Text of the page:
I’ve written once before in this space about digital curriculum; and about big data. Now, thanks to the wonders of human inventiveness, the impulse to engineer society for its own good, and the logic of the marketplace, it’s already hard to explore the educational possibilities for digital curriculum, without adopting simultaneously the lenses of accountability and commerce. I wonder whether this instant move to control and commodification won’t impede progress in understanding the strengths and weaknesses of the new tools.
Let’s start with a recent column by Will Oremus in Slate.com (“No more pencils, no more books“). The article reports, and reflects, on two big developments. “While the thinkers are arguing,” says Oremus, ” textbook publishers are acting.”
First is the current speedy transformation of Big Text (McGraw-Hill, Pearson, &Co) into Big Digital Content Delivery, or something. A McGraw-Hill imagineer (without, I suppose, the Disney twinkle) says that they aren’t a textbook company any more: it no longer thinks of itself as a textbook company. “We’re a learning science company,” and, Oremus tells us, the logic of techno-economic development is impelling the ed products industry to incorporate more and more into their designs:
David Levin, CEO of McGraw-Hill Education, tells me his company views all of this as an imperative to reinvent its core products. To retain its value, Levin says, the textbook of the 21st century can’t just be a multimedia reference source. It has to take a more active role in the educational process. It has to be interactive, comprehensive, and maybe even intelligent. It has to make students’ and teachers’ lives easier by automating things they’d otherwise do themselves. The smarter it gets, the more aspects of the educational experience it can automate—and the more incentive schools and teachers will have to adopt it.
So what are these “smart things?” The early betting seems to be that more and more eduproducts will include “adaptive technology,” a digital environment that includes an artificial-intelligence layer which draws inferences about its user (customer, client, student) on the basis of her responses to various prompts and actions within the environment. Oremus digs into this development, one more manifestation of the apparently irresistible impulse to automate “differentiated learning” (or at least “differentiated instruction,” see an earlier blog post here for links and opinions).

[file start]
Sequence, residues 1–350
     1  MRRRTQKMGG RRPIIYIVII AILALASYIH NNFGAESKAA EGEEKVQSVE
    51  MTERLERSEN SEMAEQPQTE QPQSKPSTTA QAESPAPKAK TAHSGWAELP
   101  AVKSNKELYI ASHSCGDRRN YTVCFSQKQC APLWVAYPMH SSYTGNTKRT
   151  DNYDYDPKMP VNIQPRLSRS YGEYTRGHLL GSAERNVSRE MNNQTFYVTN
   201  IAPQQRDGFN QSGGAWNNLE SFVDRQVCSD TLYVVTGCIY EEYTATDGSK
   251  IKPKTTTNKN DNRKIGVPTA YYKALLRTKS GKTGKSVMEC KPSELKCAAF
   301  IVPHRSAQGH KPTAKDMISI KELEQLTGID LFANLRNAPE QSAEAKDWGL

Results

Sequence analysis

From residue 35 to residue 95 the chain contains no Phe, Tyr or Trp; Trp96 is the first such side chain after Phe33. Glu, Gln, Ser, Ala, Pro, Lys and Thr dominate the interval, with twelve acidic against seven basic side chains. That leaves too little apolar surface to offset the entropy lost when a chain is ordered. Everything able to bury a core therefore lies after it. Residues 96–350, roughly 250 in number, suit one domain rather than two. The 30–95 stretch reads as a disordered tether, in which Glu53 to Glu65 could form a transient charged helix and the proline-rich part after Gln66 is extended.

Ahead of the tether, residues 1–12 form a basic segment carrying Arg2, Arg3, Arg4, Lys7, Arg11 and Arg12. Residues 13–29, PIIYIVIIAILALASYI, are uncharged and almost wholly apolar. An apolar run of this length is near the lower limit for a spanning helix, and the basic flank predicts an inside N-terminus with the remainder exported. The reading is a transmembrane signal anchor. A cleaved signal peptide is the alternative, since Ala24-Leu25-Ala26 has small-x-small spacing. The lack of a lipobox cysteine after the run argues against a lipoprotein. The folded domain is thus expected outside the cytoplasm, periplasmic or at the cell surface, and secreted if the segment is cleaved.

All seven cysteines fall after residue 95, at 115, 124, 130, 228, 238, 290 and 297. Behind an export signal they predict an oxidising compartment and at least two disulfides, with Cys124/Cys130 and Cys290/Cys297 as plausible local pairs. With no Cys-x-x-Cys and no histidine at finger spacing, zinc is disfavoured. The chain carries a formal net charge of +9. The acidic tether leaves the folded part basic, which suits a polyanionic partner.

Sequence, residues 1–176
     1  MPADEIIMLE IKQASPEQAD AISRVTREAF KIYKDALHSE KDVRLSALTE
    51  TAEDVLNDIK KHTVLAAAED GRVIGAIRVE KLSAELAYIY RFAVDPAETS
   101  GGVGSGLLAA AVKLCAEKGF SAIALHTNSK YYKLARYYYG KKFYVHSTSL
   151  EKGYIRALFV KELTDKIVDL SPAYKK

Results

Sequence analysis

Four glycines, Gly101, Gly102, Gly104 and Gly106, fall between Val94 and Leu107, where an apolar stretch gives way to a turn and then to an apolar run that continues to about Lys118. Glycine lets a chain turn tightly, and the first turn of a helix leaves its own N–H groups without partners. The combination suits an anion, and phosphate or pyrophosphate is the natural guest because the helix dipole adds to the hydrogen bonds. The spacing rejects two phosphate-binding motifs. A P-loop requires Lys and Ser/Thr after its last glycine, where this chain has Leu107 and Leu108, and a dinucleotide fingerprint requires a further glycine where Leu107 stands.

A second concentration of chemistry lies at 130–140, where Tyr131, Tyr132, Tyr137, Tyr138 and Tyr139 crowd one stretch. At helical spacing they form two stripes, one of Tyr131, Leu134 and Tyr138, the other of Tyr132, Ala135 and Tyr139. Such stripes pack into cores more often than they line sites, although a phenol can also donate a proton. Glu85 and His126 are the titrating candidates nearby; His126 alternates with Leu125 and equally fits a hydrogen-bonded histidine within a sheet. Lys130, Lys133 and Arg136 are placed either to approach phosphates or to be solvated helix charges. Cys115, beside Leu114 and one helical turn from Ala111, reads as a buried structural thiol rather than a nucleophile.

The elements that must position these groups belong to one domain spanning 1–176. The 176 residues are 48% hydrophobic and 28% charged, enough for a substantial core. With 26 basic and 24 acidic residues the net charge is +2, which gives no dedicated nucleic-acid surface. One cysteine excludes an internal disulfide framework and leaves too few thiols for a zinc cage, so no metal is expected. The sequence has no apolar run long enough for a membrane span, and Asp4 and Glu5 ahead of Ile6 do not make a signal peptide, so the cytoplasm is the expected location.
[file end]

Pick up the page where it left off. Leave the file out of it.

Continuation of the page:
Reading the article, you can’t help but see notice the little tell-tale buzzwords: “learning styles,” “personalized learning,” “efficiency,” “student outcomes,” “interactive” and so on, words that carry a freight that includes a bit of meaning and a lot of atmosphere. Despite the good intentions and deep backgrounds of many of the visionaries and experts in this sector of the Ed Industry (once, education was a social enterprise, now it’s an Industry), the mutually reinforcing powers of policy and capitalism drive us all to quickly to seize upon some ideas, hopes, hypotheses about learning, and reify them as products. Products are purchased, and then become imperatives — we have to justify our investment. So where’s the room for critique? For learning from experience? For research to inform practice (not to mention purchasing)?
This is not just the moaning of a slow-coach Luddite — the questions raised by ed tech are often deep and maybe revealing — but research is itself a design process, requiring time, intuition, and serendipity as well as data (information collected as part of a theoretically-controlled inquiry) — not “data”as in “a massive record of events” in which to go fishing.
Critiques are always being made, of course, and not always in ivory towers or little blogs in the hills. I recently read the comments of a voice new to me, whom you might enjoy, as well, one Emmanuel Derman. It’s not that he is saying anything new, but in reflecting on worldwide fascination with Big Data (which drives much of the technological innovation that is coming to education), he reminds us of fundamentals.
Big Data is useful, but is not a replacement for the classic ways of understanding the world. Data has no voice. There is no “raw” data. Choosing what data to collect takes insight; making good sense of it requires the classic methods: you still need a model, a theory, or an intuition to find a cause. “Philosophy is a battle against the bewitchment of our intelligence by means of language,” wrote Wittgenstein. I take that to mean that language can deceive our natural intuition, and we need philosophy to reclaim it. In a similar sense, I would argue, science is a battle against the bewitchment of our intelligence by data.
In our work, we often use theories, because they help us design processes, tools, events, heuristics. We need also to encourage and challenge each other (and ourselves) to test the theories, even some that we take for granted, using experience, logic, and of course data.